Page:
Under Hunter Bird (FB)’s direction, the cast was clearly having fun, and the brisk was pace… pace was brisk. The acting team seemed to be really into their inhabiting characters and bringing out the joy within. I’m never sure — hey, I’m just an audience member — what part is the director and what is the actor, but I do know the director can help make the magic happen. Even more significantly, it is the director that brings the vision to the show — and the artistic vision with the wooden boxes that miraculously unfolded to become the different pieces and places was just astounding. About the only directoral complaint I might have relates to the fight sequences, especially in the Musical Showdown. I don’t know the extent to which this was direction, vs Matt Franta (FB)’s fight choreography, but a number of the fight sequences were a bit too “stagey or fake” — they needed a bit more realism to make them “hit” (so to speak). Improved sound effects to augment them would help, but there needs to be more smacks in the smackeroos. But this, mind you, is a minor complaint.

This brings us to the performance team. In the lead positions were Eric B. Anthony (⭐FB) as Bronco Billy McCoy, and Amanda Leigh Jerry (FB) as Antoinette Lilly.  Anthony was wonderful as Billy — personable, relatable, with a lovely lighter singing voice that is just beautiful in songs like “Just a Dance” and “Everything I Needed”. For those expecting a hard Clint Eastwood type, expect to have your mind blown. Think more of a Ben Vereen, which fits much more with what the West really was. I should note I’ve seen Anthony sing before — although not listed in his bio, I saw him in Five Guys Named Moe at Ebony Rep in 2017. Great then, great now. The real knockout, however, was Jerry. She had a personality and internal oomph that she broadcast to the back of the theatre, with a winning look and super strong singing voice. All of her numbers were great, especially “Get Me Out of Here” and her “Be Strong” numbers.

Billy’s troupe consisted of Benai Boyd (FB) as Doc; Fatima El-Bashir (FB) as Lorraine; Michael Uribes (FB) as Chief Big Eagle; Randy Charleville (FB) as Two Gun Lefty Lebow, and Kyle Frattini (FB) as Lasso Leonard James.  I’d seen Boyd before in the Actors Co-Op production of Violet, and she blew me away then. She was even stronger here as Doc: she opens the show, she holds everything together, she has a knockout singing voice, and she is just fantastic to watch.  Also strong was El-Basher (who I had seen in Empire) as Lorraine. Together with Boyd, they made a delightful duo opening the show, plus she is wonderful in “Look in the Mirror”. Further, she tap dances. I just love a good tap dance :-). Uribes (who, you guessed it, we saw before in Robber Bridegroom) was more of a taciturn character, although he did have a wonderful number in the opening of the second act. Charleville was strong as the clown, Lefty; and Frattini did a wonderful job of playing up the comic as Lasso Leonard. [Yes, and before you ask, we did see Frattini in Shrek at 5-Star, as well as in Beatniks at last year’s Fringe].

There’s a reason I mention this repeat talent: We have, here in Los Angeles, a remarkable talent pool. Actors who love the craft, and who are just astounding in what they do. Some are primarily stage actors, some are working their way there. Some work in TV and film. But they are all incredible talents, and it is just a joy to see the best of them pop up in shows at different venues throughout this great theatre city.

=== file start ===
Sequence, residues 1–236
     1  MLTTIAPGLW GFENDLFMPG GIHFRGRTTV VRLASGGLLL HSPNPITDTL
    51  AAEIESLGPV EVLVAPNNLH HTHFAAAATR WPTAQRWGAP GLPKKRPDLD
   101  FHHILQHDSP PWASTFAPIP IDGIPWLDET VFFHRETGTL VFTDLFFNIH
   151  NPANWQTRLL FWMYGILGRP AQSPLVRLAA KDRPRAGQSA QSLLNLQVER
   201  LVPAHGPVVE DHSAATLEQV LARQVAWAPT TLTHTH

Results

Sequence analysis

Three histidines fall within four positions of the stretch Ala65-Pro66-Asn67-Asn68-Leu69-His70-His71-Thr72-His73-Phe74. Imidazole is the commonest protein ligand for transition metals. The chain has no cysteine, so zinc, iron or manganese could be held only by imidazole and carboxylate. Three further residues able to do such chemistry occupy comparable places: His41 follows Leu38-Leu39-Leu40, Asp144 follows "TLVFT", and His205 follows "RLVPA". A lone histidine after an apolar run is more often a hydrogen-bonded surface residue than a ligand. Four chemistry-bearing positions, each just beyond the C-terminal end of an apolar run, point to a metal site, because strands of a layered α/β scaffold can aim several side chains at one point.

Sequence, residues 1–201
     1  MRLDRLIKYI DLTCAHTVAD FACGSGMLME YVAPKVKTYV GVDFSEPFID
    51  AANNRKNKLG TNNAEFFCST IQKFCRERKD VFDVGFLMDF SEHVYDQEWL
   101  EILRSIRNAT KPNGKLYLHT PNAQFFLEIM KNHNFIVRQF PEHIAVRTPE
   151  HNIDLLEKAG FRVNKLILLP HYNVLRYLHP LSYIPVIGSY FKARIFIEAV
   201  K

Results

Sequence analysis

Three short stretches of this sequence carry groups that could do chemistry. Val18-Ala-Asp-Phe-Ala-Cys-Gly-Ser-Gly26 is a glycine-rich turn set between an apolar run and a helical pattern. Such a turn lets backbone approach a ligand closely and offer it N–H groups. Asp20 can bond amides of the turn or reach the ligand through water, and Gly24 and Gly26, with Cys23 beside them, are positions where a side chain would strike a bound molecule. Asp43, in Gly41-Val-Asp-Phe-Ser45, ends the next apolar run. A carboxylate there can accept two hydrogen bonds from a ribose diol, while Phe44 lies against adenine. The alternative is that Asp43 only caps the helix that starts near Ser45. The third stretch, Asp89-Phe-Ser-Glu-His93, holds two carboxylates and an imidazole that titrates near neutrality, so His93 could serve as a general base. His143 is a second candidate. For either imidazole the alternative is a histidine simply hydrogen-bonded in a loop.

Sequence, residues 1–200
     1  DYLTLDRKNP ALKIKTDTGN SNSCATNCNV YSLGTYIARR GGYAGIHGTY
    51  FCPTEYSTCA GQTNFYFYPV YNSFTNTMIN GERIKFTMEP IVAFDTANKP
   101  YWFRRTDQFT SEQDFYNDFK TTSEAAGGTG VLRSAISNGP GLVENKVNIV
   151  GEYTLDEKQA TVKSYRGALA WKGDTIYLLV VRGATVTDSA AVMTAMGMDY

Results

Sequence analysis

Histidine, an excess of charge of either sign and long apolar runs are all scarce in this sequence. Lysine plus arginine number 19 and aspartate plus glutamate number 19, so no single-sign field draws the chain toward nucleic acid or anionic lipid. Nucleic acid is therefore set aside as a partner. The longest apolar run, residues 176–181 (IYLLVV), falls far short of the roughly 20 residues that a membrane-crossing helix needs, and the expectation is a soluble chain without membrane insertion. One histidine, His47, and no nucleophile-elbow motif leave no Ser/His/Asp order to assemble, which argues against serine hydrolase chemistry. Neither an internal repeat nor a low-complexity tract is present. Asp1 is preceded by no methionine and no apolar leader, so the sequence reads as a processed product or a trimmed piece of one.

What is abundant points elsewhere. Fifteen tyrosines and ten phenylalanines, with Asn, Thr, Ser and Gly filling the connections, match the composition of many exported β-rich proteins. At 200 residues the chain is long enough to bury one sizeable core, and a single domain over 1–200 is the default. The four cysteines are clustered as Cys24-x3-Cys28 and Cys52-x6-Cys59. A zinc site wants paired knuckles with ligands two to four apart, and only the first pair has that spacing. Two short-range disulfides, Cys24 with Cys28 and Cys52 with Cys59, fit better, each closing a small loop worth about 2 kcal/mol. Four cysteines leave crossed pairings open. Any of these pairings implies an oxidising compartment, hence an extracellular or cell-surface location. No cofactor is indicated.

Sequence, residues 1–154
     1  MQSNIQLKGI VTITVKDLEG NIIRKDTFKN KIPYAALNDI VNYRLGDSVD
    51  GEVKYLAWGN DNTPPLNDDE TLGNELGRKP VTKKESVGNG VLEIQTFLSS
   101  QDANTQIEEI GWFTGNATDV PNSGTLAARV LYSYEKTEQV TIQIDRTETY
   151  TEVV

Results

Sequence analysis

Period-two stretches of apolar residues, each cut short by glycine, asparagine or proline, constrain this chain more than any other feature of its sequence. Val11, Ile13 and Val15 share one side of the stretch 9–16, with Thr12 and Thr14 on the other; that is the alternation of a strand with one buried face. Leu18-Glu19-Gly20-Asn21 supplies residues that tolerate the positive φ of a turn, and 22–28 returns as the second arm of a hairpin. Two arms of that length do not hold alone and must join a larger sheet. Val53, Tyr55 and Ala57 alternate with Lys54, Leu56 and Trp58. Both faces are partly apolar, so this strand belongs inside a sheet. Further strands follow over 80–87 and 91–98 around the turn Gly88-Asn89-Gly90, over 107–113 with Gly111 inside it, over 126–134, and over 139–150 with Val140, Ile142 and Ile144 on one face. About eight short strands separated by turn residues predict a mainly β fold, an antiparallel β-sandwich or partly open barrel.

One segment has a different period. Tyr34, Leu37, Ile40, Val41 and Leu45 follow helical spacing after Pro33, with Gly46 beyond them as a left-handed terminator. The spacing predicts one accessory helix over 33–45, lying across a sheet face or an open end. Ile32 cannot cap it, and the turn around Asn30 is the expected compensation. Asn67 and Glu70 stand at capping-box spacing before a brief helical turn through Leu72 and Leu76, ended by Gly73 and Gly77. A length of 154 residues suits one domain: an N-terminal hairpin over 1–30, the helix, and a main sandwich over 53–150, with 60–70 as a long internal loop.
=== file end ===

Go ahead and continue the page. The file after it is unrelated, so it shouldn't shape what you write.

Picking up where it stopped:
This brings us to the villains of the piece: Michelle Azar (⭐FB, FB) as Constance the Step-Mother; Marc Cardiff as the Lawyer Lipton, Chris M. Kauffmann (⭐FB, FB) as Antoinette’s husband, John Arlington, and Pat Towne (FB) as the hit-man Sinclair St. Clair. All were written as broadly comical roles, and all were played as broadly comical. Think of the hencemen in Kiss Me Kate or The Drowsy Chaperone. As such, for how they were written, they were played very well. Azar had the lead on a number of different numbers and had a lovely voice.

Rounding out the cast in smaller character roles and ensemble parts were: Bella Hicks (FB) – Mitzi, Female Ensemble; Anthony Marciona (⭐FB, FB) – Sam, Gas Station Attendant, Disco Guy, Stage Manager; Jamie Mills (FB) – Dee Dee, Ensemble. All were great. I noticed Mills first, as she was out before the show working the crowd with a wonderful personality (and a tiny little hat). Hicks caught my eye when she came out as Mitzi; in later roles, her personality just lit up and she was a delight to watch. Marciona had a face that kept making me think of a good friend from our synagogue’s mens club; he clearly had fun playing a large number of different parts – and was funny in his last role as stage manager, staying in role even after the bows.

Understudies who were not on stage were Richie Ferris (FB), Molly Livingston (FB) and James Olivas (FB). We’d see the latter two before in Steel Pier at UCLA; alas, we didn’t seem them at our performance.

Music was provided by an on-stage band conducted by Anthony Lucca (FB) – Music Director, Conductor, Keyboard. Other band members were: Austin Chanu (FB) – Woodwinds, Percussion; Jeff Frantom (FB) – Guitars; Cyrus Elia (FB) – Electric and Upright Bass; and Ryan McDiarmid (FB) – Drums, Percussion. The band had a great sound, and even had one chance to interact with the actors. Other musical credits: David O (FB) – Arrangements and Orchestrations.

The Choreography was by Janet Roston (FB), who brought some wonderful dances to the small space that is the Skylight. As the world premiere of a new musical, it is always worth asking whether this can scale to bigger and better venues. Dance is a large part of that. The dances in this show were expressive and fun, and I believe that they could scale to the larger stage of a Geffen or the Pasadena Playhouse, if not even bigger houses. There was a mix of the Western styles including what appeared to be some line dancing, as well as broader ballet and pop styles.